State GOP twists DiFi’s words on stimulus package

The California Republican Party e-mailed out a news release about an hour ago calling attention to this:

From CRP chairman Ron Nehring (whose name was omitted from the news release, apparently inadvertently):

“It looks like Dianne Feinstein has picked up on something Republicans in Washington have been saying for weeks – that Obama’s spending plan doesn’t do enough to create jobs. Speaking plainly on the Senate floor today, Sen. Feinstein (D-CA), indicated to her Democratic colleagues in the Senate that she ‘reserve[s] the right…to vote against’ the wasteful stimulus legislation because it doesn’t do enough to ‘put those jobs out there.’

“Here in California, where families have been hit especially hard by the housing and economic crises, we need real solutions from the Congress that create jobs and target the root problems of the economic crisis. Instead, Nancy Pelosi, Harry Reid, and the rest of the liberal congressional leadership have given us a $1 TRILLION spending package loaded with earmarks, pork-barrel spending, and interest group payouts.

“It’s time for Democrats in Washington to truly partner with Republicans and craft a responsible stimulus plan.”

Unfortunately, the facts don’t bear out his claim. Here’s a fuller clip of Feinstein’s remarks:

Clearly, she’s uncomfortable with the bill because she feels it contains too many tax cuts — for which Republicans have been pushing — compared to actual government spending. For the CRP to imply that Feinstein’s concerns in any way dovetail with the GOP’s is disingenuous, if not flat-out dishonest.

UPDATE @ 5:28 P.M. FRIDAY: Feinstein apparently resisted the urge to tell the state GOP where to stick it. Her statement:

“I stand with President Obama and Congressional leaders on both sides of the aisle in working toward a sensible solution that will move our economy forward and create jobs for the American people. The Economic Recovery bill has changed significantly since this morning, and we have worked together on a bipartisan basis to reduce the package by $110 billion. It will be further vetted in a conference committee next week, and I intend to support it.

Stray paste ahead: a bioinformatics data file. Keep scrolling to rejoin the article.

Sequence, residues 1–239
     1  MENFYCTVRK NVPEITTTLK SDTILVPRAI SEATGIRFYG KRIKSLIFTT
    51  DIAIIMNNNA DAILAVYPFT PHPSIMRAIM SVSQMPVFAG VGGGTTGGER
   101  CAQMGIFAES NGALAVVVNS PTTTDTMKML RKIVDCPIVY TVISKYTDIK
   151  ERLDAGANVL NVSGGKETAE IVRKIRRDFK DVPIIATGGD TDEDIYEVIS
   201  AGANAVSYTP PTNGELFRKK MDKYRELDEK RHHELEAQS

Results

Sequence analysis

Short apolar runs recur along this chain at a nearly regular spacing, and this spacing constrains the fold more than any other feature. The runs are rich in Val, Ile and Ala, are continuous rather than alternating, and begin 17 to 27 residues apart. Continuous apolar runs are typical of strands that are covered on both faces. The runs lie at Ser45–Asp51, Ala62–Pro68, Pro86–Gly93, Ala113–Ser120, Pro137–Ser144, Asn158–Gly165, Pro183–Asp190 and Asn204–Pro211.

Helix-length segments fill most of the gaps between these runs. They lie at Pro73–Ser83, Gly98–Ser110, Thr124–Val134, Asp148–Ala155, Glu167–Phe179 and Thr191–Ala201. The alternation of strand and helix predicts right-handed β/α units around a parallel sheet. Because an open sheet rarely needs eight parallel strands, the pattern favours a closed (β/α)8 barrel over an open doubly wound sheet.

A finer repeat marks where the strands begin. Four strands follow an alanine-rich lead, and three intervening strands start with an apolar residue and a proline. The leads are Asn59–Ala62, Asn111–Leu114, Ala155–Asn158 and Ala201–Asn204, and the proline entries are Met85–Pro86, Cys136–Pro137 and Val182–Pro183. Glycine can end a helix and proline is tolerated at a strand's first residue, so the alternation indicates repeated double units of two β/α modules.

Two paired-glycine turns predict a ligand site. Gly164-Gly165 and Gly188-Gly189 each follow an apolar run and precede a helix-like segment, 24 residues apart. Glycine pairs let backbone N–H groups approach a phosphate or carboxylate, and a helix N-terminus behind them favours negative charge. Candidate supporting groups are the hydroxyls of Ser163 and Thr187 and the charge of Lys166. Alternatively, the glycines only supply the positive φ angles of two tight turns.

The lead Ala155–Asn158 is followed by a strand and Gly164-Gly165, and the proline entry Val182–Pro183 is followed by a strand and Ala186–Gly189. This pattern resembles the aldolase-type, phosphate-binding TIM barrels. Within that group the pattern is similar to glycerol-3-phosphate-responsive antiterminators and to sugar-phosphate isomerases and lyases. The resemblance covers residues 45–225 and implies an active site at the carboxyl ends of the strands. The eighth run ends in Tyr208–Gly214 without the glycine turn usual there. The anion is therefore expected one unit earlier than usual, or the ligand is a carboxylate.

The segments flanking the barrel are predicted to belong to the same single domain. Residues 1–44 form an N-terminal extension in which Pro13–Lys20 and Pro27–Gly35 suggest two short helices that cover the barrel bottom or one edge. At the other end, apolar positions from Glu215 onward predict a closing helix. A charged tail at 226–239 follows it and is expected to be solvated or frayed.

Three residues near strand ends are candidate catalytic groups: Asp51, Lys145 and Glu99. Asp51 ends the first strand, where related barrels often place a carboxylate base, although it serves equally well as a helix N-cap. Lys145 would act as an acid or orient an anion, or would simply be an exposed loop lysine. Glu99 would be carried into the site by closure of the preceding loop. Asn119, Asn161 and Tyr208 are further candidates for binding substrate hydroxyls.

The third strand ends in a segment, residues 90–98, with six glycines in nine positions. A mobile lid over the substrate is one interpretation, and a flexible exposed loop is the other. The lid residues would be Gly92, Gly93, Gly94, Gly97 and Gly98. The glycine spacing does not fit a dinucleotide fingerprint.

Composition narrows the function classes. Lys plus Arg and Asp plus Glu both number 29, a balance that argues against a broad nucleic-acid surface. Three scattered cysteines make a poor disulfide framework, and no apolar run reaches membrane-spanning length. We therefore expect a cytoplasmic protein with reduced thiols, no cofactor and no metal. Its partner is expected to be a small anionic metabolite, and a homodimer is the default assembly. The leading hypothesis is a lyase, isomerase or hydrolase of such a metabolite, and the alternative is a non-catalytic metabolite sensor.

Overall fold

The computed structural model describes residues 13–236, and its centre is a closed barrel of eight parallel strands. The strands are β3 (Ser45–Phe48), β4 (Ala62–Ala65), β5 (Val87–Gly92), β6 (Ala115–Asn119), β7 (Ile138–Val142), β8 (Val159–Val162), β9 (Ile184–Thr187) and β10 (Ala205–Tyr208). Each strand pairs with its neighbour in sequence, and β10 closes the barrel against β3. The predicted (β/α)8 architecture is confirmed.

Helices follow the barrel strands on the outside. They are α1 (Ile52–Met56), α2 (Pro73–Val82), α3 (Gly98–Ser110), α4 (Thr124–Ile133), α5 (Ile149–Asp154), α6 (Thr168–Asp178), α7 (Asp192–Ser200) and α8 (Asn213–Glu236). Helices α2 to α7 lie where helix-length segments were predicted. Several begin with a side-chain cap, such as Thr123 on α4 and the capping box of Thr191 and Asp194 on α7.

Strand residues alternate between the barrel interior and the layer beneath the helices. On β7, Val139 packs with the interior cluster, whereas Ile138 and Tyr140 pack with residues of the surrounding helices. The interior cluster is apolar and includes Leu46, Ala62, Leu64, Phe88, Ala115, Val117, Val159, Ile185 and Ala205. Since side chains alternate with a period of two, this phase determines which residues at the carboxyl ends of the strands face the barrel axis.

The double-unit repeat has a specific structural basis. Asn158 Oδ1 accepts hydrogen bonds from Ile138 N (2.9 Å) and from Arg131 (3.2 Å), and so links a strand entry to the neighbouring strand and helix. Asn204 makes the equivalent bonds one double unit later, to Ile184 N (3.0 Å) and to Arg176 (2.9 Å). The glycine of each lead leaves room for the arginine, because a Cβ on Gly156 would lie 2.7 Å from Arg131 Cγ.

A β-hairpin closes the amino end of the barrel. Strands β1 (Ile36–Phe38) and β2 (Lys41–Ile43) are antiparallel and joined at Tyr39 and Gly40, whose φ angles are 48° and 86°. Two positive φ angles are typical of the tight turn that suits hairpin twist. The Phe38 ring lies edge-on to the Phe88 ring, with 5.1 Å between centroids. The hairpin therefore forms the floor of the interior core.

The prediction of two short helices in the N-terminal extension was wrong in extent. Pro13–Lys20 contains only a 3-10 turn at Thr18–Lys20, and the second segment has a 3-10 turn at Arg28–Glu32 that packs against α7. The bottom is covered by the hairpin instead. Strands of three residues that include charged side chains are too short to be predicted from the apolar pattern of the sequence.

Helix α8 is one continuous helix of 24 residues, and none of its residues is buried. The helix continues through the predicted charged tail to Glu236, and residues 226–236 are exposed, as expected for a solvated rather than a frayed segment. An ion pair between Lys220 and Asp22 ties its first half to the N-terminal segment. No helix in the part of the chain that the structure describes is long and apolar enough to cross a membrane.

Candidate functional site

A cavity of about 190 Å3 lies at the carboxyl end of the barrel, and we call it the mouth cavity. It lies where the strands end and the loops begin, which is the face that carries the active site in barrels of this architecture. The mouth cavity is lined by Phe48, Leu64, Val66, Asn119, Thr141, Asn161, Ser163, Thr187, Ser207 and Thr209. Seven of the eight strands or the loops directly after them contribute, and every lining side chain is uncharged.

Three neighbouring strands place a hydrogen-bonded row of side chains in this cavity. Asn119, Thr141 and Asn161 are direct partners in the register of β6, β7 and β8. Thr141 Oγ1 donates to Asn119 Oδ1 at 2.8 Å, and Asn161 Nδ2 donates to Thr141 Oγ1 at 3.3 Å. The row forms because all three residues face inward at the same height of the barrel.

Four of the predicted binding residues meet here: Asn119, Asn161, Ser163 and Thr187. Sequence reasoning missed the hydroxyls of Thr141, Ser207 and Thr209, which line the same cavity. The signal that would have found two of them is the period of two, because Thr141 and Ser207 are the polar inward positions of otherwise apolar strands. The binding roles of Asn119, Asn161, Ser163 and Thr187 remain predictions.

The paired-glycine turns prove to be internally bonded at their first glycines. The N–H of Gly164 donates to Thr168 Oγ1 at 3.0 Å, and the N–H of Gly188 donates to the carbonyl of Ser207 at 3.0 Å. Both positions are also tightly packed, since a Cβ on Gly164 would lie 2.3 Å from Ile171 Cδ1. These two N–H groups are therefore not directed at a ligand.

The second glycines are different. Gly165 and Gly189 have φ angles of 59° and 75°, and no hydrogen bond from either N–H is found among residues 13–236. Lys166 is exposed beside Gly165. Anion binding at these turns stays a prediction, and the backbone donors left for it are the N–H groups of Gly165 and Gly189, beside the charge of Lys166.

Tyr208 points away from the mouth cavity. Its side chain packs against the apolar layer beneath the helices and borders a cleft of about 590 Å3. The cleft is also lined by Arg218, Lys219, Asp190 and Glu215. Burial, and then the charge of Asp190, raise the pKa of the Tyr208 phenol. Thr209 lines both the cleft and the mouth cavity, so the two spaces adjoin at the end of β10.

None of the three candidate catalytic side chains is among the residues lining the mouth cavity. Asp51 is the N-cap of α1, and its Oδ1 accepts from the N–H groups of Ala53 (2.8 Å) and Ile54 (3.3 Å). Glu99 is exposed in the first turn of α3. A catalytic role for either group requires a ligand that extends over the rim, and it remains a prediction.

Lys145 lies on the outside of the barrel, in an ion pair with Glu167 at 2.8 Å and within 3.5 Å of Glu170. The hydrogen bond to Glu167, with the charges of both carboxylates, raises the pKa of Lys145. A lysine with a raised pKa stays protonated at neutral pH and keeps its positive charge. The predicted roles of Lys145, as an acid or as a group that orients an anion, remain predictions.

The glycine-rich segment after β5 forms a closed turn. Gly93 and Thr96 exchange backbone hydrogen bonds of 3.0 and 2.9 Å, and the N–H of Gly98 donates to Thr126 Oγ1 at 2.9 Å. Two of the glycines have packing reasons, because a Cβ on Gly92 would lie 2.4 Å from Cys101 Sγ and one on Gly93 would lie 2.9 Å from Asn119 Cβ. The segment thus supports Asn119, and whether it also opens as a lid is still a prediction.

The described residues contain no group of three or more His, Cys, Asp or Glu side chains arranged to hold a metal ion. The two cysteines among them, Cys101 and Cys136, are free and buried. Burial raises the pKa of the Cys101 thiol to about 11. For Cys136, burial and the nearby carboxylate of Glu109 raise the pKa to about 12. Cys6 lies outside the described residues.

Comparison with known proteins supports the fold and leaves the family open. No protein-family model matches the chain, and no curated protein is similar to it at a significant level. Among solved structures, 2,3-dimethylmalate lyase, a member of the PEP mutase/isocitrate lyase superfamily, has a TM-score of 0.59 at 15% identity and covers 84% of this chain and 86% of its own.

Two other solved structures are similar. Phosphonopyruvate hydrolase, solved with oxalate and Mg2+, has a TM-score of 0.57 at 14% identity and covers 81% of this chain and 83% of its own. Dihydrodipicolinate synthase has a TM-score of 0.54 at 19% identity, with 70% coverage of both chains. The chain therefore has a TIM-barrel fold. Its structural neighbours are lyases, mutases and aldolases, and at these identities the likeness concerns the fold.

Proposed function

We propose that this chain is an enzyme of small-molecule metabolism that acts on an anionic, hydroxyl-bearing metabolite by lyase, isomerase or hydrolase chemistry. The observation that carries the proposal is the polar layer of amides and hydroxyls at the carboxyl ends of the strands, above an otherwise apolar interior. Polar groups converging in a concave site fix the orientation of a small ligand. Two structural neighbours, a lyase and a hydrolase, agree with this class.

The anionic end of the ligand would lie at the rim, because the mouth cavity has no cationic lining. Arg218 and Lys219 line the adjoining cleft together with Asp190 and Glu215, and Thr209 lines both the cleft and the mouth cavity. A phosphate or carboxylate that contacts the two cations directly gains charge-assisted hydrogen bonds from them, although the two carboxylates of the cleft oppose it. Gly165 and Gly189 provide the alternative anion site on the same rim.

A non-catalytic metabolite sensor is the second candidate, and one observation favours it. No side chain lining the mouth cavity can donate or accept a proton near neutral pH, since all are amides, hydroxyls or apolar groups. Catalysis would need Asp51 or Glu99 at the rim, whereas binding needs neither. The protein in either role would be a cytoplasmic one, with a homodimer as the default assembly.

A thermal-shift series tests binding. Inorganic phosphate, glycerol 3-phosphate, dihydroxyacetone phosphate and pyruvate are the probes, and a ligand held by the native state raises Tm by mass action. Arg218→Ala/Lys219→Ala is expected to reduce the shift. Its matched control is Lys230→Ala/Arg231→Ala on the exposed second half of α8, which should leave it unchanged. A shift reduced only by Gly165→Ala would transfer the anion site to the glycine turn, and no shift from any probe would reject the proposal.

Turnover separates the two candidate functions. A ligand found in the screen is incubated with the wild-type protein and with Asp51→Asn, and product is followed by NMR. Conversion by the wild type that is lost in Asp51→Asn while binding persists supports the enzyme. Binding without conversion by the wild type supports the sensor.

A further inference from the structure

“I would like to recognize Senators Susan Collins, Arlen Specter, Ben Nelson and Joe Lieberman, who have worked tirelessly to negotiate a compromise that will receive the required 60 votes.”

Josh Richman

Josh Richman covers state and national politics for the Bay Area News Group. A New York City native, he earned a bachelor’s degree in journalism from the University of Missouri and reported for the Express-Times of Easton, Pa. for five years before coming to the Oakland Tribune and ANG Newspapers in 1997. He is a frequent guest on KQED Channel 9’s “This Week in Northern California;” a proud father; an Eagle Scout; a somewhat skilled player of low-stakes poker; a rather good cook; a firm believer in the use of semicolons; and an unabashed political junkie who will never, EVER seek elected office.

  • I can’t believe Feinstein said there were too many tax cuts when she was trying to support more. So which one is it for Feinstein too many or too few?

    Los Angeles Times

    From the Los Angeles Times
    Sen. Boxer’s push for multinational tax break goes against party
    The California liberal’s proposal draws Republican votes and Democratic rebukes, illustrating how home-state and political concerns can drag down the party in power.
    By Richard Simon

    February 6, 2009

    Reporting from Washington — File this under “politics” in “Ripley’s Believe It or Not!”: California Sen. Barbara Boxer, stalwart liberal and frequent antagonist of big business, sided with Republicans to champion a tax break for multinational corporations — and against a majority of her own party.

    Boxer attempted to attach the tax break to the economic stimulus bill, only to be shot down by fellow Democrats.

    Still, the unusual, if not unprecedented, sight of Boxer drawing more votes for one of her proposals from Republicans than from members of her own party underscores a challenge facing President Obama and congressional leaders: Even in a more Democratic Congress, home-state and political needs can crack party unity and produce strange alliances.